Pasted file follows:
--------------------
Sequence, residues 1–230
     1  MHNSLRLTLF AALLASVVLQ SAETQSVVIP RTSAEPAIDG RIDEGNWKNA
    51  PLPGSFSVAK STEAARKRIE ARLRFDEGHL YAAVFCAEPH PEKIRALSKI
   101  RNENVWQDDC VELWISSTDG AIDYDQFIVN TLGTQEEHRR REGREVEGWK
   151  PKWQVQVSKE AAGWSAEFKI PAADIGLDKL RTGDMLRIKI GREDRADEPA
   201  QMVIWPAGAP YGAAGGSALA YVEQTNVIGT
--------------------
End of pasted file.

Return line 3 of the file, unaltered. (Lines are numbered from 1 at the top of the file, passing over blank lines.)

    51  PLPGSFSVAK STEAARKRIE ARLRFDEGHL YAAVFCAEPH PEKIRALSKI